Do we have a duty to go green?
With the recent drive to try and preserve the environment and reduce harmful emissions do each of us have the duty to reduce our 'carbon footprint' and should financial incentives be put in place to reward those who comply?
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Breaking habits to incite change
If we are used to driving and we derive convenience from doing so, even for the shortest of trips, then this becomes a habit that we indulge in without considering the consequences for the environment. To incite a meaningful change in behaviour we should address these initial attitudes and break from these habits; making the decision to take the bus or walking and appreciating the difference this is making. Having started with small actions of this nature, the result will be an increased consideration for environmental issues.
Your argument addresses ways to make change, but does not address the reason (if one exists) that we have a duty to "go green".
And while it is admirable to use public transportation, et cetera, in replacement of cars, it is more necessary right now to acknowledge the duty that we as people have to other people. Without undermining the importance of climate change, pollution, etc, I would like to highlight the urgency of such pressing problems as genocide, hunger, poverty, violence, and abuse that occur among humans. Before we even consider a duty to "break habits and incite change", or to "go green", we must consider our duties to our fellow humans worldwide.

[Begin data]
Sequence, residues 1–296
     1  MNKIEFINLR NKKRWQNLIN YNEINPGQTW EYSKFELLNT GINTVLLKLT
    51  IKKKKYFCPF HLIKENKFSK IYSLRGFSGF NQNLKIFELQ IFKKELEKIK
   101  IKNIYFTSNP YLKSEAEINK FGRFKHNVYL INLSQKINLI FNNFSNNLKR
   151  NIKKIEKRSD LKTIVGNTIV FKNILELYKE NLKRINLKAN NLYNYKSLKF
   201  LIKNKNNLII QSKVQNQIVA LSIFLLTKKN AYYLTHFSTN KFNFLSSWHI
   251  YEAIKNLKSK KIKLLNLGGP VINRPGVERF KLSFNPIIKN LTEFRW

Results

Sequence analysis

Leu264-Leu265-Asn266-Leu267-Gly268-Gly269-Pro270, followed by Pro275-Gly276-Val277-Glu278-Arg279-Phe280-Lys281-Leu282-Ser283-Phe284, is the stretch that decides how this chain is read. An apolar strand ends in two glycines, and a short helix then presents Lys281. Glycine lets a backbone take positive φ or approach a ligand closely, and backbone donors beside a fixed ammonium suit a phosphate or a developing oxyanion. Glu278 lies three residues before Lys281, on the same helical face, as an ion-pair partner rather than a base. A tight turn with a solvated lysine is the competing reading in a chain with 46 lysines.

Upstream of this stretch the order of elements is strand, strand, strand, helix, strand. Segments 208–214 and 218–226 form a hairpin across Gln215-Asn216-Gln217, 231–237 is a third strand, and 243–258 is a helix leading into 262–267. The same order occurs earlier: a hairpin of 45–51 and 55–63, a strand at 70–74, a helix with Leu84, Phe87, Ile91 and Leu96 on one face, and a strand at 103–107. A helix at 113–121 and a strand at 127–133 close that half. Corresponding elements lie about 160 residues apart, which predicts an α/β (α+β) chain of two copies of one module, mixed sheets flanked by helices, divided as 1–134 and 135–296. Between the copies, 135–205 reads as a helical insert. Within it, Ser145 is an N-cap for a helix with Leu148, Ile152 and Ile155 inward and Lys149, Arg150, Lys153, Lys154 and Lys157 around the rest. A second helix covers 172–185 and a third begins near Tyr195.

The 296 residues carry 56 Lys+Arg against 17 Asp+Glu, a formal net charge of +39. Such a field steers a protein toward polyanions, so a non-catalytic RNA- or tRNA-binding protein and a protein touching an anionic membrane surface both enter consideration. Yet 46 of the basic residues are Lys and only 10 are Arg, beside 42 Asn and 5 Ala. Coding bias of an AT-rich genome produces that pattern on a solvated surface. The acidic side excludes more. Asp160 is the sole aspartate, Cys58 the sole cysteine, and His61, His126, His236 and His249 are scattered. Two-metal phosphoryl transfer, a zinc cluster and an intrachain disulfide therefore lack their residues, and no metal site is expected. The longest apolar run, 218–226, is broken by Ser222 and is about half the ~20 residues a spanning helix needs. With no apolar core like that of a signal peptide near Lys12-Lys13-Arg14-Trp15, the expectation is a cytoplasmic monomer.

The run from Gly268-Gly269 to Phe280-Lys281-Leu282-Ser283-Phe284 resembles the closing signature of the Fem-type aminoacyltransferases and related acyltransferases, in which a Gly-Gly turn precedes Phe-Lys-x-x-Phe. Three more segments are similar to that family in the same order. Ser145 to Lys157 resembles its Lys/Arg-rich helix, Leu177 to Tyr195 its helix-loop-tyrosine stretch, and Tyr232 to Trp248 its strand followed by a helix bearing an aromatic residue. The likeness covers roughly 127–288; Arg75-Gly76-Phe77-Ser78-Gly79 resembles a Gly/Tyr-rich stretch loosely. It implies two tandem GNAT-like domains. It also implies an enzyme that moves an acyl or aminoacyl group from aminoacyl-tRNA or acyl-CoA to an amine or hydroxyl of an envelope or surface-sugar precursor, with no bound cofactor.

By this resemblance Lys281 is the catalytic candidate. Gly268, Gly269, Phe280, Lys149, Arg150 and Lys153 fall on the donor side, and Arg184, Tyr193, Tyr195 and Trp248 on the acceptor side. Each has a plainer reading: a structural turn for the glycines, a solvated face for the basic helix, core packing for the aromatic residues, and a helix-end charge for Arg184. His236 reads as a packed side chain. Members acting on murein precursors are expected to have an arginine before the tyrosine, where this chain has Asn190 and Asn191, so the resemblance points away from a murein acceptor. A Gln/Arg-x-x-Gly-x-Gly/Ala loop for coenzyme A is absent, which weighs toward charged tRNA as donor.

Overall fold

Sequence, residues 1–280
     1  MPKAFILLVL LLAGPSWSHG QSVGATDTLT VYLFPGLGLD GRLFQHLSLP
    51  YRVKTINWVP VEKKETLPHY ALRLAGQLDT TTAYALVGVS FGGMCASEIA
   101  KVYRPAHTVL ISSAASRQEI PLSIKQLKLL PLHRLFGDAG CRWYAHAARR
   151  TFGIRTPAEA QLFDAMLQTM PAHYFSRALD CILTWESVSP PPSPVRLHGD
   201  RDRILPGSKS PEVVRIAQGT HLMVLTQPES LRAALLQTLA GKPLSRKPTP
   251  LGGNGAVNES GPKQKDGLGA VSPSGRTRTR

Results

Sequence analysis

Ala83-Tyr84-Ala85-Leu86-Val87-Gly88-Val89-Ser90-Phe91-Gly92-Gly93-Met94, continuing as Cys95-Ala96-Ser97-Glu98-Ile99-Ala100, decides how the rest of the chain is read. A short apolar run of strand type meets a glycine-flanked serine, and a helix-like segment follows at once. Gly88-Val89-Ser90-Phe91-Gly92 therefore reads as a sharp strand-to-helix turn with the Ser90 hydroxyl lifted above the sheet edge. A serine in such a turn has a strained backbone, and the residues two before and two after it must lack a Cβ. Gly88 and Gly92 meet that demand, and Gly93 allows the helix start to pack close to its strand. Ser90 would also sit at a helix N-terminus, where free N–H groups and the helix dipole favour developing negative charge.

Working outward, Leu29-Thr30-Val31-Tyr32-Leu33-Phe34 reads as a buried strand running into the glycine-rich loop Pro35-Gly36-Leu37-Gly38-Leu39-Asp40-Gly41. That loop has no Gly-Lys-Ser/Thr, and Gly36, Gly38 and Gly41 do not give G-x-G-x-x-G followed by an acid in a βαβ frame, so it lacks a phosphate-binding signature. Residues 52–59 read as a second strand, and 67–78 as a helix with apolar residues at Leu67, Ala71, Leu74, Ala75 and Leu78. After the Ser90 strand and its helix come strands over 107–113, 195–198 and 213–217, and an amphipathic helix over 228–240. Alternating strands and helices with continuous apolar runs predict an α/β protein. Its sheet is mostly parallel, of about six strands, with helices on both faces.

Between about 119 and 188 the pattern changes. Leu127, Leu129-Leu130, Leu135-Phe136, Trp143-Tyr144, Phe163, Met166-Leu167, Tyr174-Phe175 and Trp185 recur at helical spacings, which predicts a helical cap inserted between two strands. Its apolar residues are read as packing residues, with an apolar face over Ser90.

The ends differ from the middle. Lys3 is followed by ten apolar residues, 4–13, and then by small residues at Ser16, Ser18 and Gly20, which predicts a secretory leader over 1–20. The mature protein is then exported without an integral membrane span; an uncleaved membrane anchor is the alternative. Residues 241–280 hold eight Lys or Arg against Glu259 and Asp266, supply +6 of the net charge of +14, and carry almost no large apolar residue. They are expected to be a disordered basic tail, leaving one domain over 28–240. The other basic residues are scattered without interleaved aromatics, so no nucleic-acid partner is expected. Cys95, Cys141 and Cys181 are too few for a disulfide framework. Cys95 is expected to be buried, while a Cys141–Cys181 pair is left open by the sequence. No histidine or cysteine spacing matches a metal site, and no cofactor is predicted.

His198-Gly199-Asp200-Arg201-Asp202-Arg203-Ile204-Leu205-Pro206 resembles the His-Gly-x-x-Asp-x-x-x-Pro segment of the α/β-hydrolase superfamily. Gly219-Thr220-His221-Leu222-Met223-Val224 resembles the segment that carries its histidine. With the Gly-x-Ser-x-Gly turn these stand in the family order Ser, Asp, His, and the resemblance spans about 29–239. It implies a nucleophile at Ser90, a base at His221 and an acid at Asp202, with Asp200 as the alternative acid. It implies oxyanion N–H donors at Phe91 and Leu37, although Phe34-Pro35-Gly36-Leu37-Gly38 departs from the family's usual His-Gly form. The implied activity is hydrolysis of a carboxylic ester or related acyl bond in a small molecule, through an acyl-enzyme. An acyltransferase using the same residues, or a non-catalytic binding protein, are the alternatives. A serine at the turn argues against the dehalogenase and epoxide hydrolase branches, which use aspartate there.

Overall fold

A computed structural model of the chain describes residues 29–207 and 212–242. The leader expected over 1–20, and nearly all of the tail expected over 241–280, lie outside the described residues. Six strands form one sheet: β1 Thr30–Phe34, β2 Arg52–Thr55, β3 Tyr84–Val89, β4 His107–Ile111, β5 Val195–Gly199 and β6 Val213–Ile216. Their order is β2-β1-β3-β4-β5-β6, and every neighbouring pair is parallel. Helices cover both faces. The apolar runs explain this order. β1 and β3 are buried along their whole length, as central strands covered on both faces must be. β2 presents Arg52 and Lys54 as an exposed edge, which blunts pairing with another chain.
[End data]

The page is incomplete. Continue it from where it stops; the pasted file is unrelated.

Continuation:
If our duty is to social justice, environmental stability will follow.
Weighing up the real problems
A lot of importance is placed on a multitude of small pollution preventing actions - turning the washing machine down to 30 degrees, taking the bus to work instead of the car and many more in the same vein. Although these small changes can cumulatively make a significant difference, do they not divert attention away from the real large-scale pollutants such as aircraft emissions, pollutants that would require much more funding and financially taxing alternatives to overcome? These are less the responsibility of the individual and instead issues that require governments to act. Although 'every little helps' (and turning the lights off when you leave a room really is just common sense) shouldn't the focus be on the government and industry to tackle the larger problem rather than holding the public responsible for the ailing environment?
That does not negate the fact that we as humans inhabiting the planet have an obligation to protect it. Of course the issue needs to be taken into government, that is how pressing it is. It is the <i>duty<i> of human government, individuals, etc to combat rapid climate change, whatever the cost.
What do you think?